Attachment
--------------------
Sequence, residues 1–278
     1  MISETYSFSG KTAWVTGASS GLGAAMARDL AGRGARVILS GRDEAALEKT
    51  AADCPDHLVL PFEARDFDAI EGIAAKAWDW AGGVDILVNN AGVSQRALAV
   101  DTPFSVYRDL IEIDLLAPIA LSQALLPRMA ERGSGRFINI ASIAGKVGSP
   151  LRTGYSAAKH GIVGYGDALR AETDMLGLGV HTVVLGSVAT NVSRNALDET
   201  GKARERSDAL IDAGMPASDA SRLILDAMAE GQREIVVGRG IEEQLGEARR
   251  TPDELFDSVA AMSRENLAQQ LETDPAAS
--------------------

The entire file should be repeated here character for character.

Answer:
Sequence, residues 1–278
     1  MISETYSFSG KTAWVTGASS GLGAAMARDL AGRGARVILS GRDEAALEKT
    51  AADCPDHLVL PFEARDFDAI EGIAAKAWDW AGGVDILVNN AGVSQRALAV
   101  DTPFSVYRDL IEIDLLAPIA LSQALLPRMA ERGSGRFINI ASIAGKVGSP
   151  LRTGYSAAKH GIVGYGDALR AETDMLGLGV HTVVLGSVAT NVSRNALDET
   201  GKARERSDAL IDAGMPASDA SRLILDAMAE GQREIVVGRG IEEQLGEARR
   251  TPDELFDSVA AMSRENLAQQ LETDPAAS